Jeffrey Meldrum

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Jeffrey Meldrum
BornMay 24, 1958
OccupationAnthropologist

Don Jeffrey "Jeff" Meldrum (born May 24, 1958) is a Professor of Anatomy and Anthropology through the Department of Anthropology at Idaho State University. Meldrum is also Adjunct Professor of Occupational and Physical Therapy. Meldrum is an expert on foot morphology and locomotion in primates.[1]

Biography[edit]

Meldrum received his B.S. in zoology specializing in vertebrate locomotion at Brigham Young University in 1982, his M.S. at BYU in 1984, and a Ph.D. in anatomical sciences, with an emphasis in biological anthropology, from Stony Brook University in 1989. He held the position of postdoctoral visiting assistant professor at Duke University Medical Center from 1989 to 1991. Meldrum worked at Northwestern University's Department of Cell, Molecular and Structural Biology for a short while in 1993 before joining the faculty of Idaho State University where he currently teaches.

Meldrum has published numerous academic papers ranging from vertebrate evolutionary morphology, the emergence of bipedal locomotion in modern humans, and the plausability behind the Sasquatch phenomena, in addition to being a co-editor of a series of books on paleontology. Meldrum also co-edited From Biped to Strider: The Emergence of Modern Human Walking with Charles E. Hilton.[2]

Meldrum, who is an "active member"[3] of the Church of Jesus Christ of Latter-day Saints, has also studied and commented upon issues of genetics and the Book of Mormon in his book "Who Are the Children of Lehi?", written with Trent D. Stephens.

Cryptozoology[edit]

Meldrum has attracted media attention due to his interest in Bigfoot.[1][4][5][6] Meldrum believes that Bigfoot exists and his research on the topic has been criticized by some as pseudoscientific.[1][7][8] Meldrum authored Sasquatch: Legend Meets Science in 2006. The book was heavily criticized in a detailed review in the Skeptical Inquirer.[8] Anthropologist David J. Daegling commented that author was "unable or unwilling to distinguish good research from bad, science from pseudoscience" and the book failed to provide a thorough scientific analysis.[8] Matt Cartmill reviewed the book in the American Journal of Physical Anthropology.[9]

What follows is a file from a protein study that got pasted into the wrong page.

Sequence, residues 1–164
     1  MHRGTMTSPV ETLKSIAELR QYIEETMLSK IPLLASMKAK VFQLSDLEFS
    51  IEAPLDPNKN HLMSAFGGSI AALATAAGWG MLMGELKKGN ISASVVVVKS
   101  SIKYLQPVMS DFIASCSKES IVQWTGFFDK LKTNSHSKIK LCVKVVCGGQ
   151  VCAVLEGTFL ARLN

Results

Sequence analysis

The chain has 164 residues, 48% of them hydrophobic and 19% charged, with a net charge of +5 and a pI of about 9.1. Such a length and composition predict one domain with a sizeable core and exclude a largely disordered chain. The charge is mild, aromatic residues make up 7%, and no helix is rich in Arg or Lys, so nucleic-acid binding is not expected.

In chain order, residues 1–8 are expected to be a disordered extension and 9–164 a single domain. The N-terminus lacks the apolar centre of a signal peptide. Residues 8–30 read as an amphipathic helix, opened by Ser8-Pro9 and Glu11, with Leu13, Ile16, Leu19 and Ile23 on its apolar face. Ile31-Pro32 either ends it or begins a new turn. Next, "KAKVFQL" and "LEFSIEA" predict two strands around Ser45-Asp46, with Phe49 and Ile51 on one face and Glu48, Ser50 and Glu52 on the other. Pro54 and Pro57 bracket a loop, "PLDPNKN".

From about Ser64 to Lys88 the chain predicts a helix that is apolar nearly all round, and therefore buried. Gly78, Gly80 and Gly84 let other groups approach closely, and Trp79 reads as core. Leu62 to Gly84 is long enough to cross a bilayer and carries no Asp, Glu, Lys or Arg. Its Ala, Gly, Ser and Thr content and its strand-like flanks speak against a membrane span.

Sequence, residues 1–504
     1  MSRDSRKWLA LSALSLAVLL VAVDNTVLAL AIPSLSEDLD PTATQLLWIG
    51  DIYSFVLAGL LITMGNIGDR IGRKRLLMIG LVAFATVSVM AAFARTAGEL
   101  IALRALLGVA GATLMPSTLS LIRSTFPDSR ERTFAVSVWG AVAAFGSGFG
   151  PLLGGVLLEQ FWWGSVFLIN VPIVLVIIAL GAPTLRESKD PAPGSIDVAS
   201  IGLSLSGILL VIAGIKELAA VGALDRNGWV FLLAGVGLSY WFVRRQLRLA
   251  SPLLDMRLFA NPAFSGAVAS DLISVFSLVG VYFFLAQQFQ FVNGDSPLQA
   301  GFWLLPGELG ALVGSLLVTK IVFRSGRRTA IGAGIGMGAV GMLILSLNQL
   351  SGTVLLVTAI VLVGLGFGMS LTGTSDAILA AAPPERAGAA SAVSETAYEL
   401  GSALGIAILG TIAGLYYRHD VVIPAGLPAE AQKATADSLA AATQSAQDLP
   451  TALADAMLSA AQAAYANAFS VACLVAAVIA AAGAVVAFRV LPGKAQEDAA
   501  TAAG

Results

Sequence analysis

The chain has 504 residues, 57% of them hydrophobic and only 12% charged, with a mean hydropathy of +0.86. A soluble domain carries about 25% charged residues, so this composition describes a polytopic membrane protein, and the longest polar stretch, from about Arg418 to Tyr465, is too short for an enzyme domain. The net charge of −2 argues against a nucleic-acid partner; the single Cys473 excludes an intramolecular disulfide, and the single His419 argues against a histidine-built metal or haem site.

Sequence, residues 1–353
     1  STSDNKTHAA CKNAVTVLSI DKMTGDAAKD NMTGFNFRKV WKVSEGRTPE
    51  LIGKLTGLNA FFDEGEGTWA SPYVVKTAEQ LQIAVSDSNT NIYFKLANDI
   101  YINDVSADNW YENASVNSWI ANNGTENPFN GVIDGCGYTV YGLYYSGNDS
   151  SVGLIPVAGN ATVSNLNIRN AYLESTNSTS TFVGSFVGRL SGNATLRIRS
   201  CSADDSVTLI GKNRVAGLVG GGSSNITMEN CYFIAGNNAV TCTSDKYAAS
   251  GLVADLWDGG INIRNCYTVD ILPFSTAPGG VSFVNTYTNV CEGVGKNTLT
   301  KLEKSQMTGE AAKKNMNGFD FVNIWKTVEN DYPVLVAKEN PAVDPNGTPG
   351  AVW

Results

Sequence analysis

Meldrum was present at a 2011 conference in Siberia regarding the Siberian Snowman, which included among other things investigating alleged footprints that had been spotted in a Kemerovo cave. He acknowledged that the results of the Russian field trip to the cave site were most likely fraudulent. He suggested that the supposed evidence found was simply an attempt by local government officials to drum up publicity.[10]

References[edit]

  1. ^ a b c Holloway, Marguerite (December 1, 2007). "Bigfoot Anatomy". Scientific American. 297 (6): 26–7. Bibcode:2007SciAm.297f..50H. doi:10.1038/scientificamerican1207-50. PMID 18237096.
  2. ^ Meldrum, Jeffrey; Hilton, Charles (31 March 2004). From Biped to Strider: The Emergence of Modern Human Walking, Running, and Resource Transport. Kluwer Academic/Plenum Publishers. ISBN 978-0-306-48000-3.
  3. ^ Meldrum, Jeffrey (2003-01-31). "Who Are the Children of Lehi?". Journal of Book of Mormon Studies. 12: 14 – via https://scholarsarchive.byu.edu.
  4. ^ "Bigfoot Research Makes Professor A Campus Outcast". CBS San Francisco. 3 November 2006. Archived from the original on 8 September 2010. Retrieved 24 April 2009.
  5. ^ "Meldrum's Evaluation of Sasquatch Footprints". Archived from the original on 2011-05-16. Retrieved 2006-12-19.
  6. ^ "Bigfoot - Science Vs by Gimlet Media". gimletmedia.com. Archived from the original on 2018-01-10. Retrieved 2017-11-01.
  7. ^ "Idaho professor’s Bigfoot research criticized". The Seattle Times.
  8. ^ a b c Radford, Benjamin; Dennett, Michael R; Crowley, Matt; Daegling, David J. (2007). "The Nonsense and Non-science of Sasquatch" (PDF). Skeptical Inquirer. 31 (3): 58–61.
  9. ^ Cartmill, Matt (2008). "Book reviews: Bigfoot Exposed: An Anthropologist Examines America's Enduring Legend. Book reviews: Sasquatch: Legend Meets Science". American Journal of Physical Anthropology. 135 (1): 117–118.
  10. ^ Speigel, Lee (2011-11-22). "Yeti Evidence Falls Flat: Scientist Says Local Officials Staged Siberian Snowman Hunt For Publicity". HuffPost. Retrieved 2019-03-11.

External links[edit]